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Eightball #23
By Daniel G. Clowes
Published by Fantagraphics Books; $7.00 USD

As the revelation came to him, the critic laughed. Of course! So obvious! Clowes, you ingenius bastard.

Eightball #23 is a big, big comic -- tabloid sized, packed wall-to-wall with drawings and colour in a style that I've seen referred to as Horror Vacui, which seems to presume a need on the part of the artist to fill every bit of space with something. Occupying the entirety of the issue, "The Death Ray" is a claustrophobic bit of horror, Clowes's most twisted psychological portrait yet (!), and I laughed when the revelation came to me.

The dimensions of this giant-sized issue serve a very specific purpose. While the previous issue, Clowes's landmark Eightball #22, was bigger than previous Eightball issues, it still was close to normal in its dimensions, fitting quite comfortably into a Golden Age bag and board (or so I am told, er, ahem). This new issue, which is without doubt one of the best comics to be released this (or any) year, is just freakin' huge. Holding it in my hands, immersing myself in the largeness of its images, I felt once again like, like...

I laughed. I laughed out loud. Holding Eightball #23 in your hands and turning its pages, so many of which recall the customs and conventions of decades of superhero comics (including a magnificently awkward two-page Kirbyesque spread), an adult reader cannot help but be returned "to those golden days of yesteryear." Clowes, ever ready to use the reader's nostalgia like an arctic shit-knife against his own expectations, has constructed this issue so that anyone reading it will subliminally feel like a child. Turning these oversized pages, you're 7, 8, 9, 10 years old again. Everything is big, bold, bright, in your face. Face front, true believers! Who says this isn't the Clowes Age of Comics?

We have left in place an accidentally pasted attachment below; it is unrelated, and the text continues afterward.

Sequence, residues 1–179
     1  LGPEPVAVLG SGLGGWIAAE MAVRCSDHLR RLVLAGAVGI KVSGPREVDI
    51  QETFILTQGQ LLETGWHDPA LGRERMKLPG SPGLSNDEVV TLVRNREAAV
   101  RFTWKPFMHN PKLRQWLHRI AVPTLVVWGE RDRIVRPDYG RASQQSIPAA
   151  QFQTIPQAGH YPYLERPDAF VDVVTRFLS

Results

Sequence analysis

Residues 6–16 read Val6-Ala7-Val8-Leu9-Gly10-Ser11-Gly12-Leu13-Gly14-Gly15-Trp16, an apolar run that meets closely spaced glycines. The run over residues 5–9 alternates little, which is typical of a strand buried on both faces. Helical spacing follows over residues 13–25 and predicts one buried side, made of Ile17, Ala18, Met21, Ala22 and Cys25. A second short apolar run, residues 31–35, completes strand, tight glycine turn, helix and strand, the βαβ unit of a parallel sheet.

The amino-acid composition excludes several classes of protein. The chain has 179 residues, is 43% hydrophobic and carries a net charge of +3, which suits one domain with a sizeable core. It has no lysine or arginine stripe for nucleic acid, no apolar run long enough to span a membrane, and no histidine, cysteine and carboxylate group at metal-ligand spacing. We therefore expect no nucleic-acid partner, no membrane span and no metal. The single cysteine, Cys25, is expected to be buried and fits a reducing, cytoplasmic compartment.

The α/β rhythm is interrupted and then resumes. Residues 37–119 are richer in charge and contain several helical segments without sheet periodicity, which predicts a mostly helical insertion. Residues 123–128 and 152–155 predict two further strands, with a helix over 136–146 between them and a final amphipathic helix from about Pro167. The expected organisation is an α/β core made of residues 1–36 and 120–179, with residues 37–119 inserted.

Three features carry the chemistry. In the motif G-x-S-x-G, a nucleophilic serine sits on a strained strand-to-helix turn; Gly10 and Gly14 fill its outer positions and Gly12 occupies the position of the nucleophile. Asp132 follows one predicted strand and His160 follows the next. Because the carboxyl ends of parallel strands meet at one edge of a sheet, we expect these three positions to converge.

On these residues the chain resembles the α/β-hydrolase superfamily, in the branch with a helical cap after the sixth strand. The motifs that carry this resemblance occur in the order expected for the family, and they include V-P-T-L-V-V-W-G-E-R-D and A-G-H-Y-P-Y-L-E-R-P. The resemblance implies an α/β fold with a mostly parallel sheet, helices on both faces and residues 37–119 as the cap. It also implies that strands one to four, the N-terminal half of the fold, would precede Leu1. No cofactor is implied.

"Holy. SHIT." I sent that off in e-mail to Sean Collins, whose review of this issue appeared last week. At the moment, he's the only guy I know who's also read this issue, and once you finish it, you're gonna wanna talk about it, in the same way #22 prompted so much discussion. I imagine it was like this in the 1960s when Bob Dylan would release a new record. All us admiring intellectuals sit around smoking...something...and discussing the import and myriad interpretations of the latest epistle from the greatest genuis of our generation. Look, I've tried to resist this understanding, but here it is: No one does comix better than Dan Clowes. There. It's out there. I said it, and you have to live with it. Choke on it, I don't give a fuck. THIS IS AS GOOD AS IT GETS.

Of course we want in to How He Does It. I'd imagine Clowes starts backward. You don't write something this twisted and dark and present it as something this superficially bright without knowing exactly where you're going. Like a master parallel parker, Clowes performs the seemingly difficult with ease, and just like that master parallel parker, he must have started in reverse.

It starts with the sickness. Andy is so fucking sick. At the end of the story, you'll meet (after hearing much about her) Dusty, maybe she's Andy's girlfriend. Maybe she's not. But she doesn't want to talk about Andy like David Bowie didn't want to talk about Judy in Twin Peaks: Fire Walk with Me: